I found this bash script on GitHub that I want to use for my own work. My question is the following: What do the lines 2 to 5 mean? Are they just comments or do they serve any purpose?

#$ -l h_rt=72:00:00
#$ -V
#$ -N index_calc
#$ -j y

source ~/modules.sh

cd $1

l_file=`find . -name 'L*stack' -type f`
for l in $l_file; do
    echo "Running on file:"
    echo $l
    echo "Name of index stack:"
    echo $name
    echo "Executing code..."
    ~/Documents/misc/spectral/transforms.py \
    -v $l $name evi ndvi nbr ndmi 


echo "Done!"

The lines beginning with #$ are options for qsub, a command used to submit a job to the SGE cluster, a scheduling system explained in this readme:

Using the BIMSB (soon to be called MAX) cluster environment is similar to using unix/linux environments for your job submission (e.g running your scripts or other software). The difference is that you need to specify needed resources beforehand. The cluster is controlled by a SGE (Sun Grid Engine Software) that organizes the queues and resources. This sort of scheduling system is necessary when limited computational resources are shared by many. And, it would be useful if you are running alignments for multiple samples and want to distribute those tasks (jobs) across multiple machines or CPUs, or when running statistical simulations that needs to run on multiple CPUs for a long time. For these cases and many more alike, you just need to submit your job script (which is a shell script) and Sun Grid Engine will take care of the rest (as long as there is no error in your script).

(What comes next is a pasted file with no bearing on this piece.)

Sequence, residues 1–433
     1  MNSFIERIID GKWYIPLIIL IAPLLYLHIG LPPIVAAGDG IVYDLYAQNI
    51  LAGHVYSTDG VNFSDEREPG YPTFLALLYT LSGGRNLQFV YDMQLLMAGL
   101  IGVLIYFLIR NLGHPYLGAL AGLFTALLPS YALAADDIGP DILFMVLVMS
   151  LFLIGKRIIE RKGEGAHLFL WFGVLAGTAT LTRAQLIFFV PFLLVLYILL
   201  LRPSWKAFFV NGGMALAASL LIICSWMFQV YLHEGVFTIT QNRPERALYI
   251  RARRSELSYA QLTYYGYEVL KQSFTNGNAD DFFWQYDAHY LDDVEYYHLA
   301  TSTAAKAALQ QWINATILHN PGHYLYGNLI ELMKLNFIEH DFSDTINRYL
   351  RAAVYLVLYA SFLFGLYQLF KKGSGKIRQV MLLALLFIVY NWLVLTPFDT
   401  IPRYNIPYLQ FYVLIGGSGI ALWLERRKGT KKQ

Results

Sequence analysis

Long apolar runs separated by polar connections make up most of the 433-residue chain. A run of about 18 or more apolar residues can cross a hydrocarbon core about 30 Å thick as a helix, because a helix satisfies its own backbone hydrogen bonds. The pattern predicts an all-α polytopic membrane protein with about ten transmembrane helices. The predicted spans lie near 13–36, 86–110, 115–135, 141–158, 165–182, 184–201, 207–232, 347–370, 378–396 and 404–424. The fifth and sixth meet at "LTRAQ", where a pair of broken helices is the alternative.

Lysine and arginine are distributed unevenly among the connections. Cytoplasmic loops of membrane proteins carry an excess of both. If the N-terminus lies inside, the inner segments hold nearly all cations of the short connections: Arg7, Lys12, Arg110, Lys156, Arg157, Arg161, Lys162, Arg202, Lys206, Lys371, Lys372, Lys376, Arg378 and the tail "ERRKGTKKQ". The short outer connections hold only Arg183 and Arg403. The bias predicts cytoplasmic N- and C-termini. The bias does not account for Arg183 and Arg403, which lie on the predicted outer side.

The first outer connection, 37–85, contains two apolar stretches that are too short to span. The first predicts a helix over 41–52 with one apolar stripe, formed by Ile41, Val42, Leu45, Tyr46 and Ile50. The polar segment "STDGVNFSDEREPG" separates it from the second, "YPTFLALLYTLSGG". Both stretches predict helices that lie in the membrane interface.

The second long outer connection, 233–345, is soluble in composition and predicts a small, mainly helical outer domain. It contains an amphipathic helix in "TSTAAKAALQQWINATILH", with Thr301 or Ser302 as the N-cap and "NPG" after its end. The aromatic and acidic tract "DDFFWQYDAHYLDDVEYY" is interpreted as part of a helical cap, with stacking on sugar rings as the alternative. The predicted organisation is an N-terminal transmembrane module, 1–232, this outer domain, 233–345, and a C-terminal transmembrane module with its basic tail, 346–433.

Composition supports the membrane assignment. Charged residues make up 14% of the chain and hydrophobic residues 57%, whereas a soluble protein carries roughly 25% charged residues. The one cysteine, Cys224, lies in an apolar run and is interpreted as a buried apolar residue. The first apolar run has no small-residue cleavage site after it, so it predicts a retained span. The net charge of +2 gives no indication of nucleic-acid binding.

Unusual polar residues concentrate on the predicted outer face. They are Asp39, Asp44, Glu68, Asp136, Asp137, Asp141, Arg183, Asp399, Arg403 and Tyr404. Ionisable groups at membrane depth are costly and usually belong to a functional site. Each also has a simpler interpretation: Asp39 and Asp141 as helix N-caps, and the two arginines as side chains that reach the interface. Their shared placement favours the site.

SGE will do the "job scheduling". That means you can submit all your jobs and SGE will queue them and run them when resources you requested becomes available. SGE will also achieve "load balancing" where the jobs will be distributed so that specific nodes do not get overloaded. In addition, SGE will allow you to do "job monitoring and accounting" which will be useful when you want to check if your job is running ,and if it failed it will help you understand what went wrong.

The syntax of the qsub command is explained on its manpage, your script uses the following options:

  • -l h_rt=<hh:mm:ss> – specify the maximum run time (hours, minutes and seconds)
  • -V – pass all environment variables to the job
  • -N <jobname> – specify the name of the job. This you will see when you use qstat, to check status of your jobs.
  • -j y[es]|n[o] – specifies whether or not the standard error stream of the job is merged into the standard output stream

As How to submit a job using qsub explains one can set the qsub options directly in the script in lines that begin with #$. This an alternative to passing them with the qsub command on the command-line.

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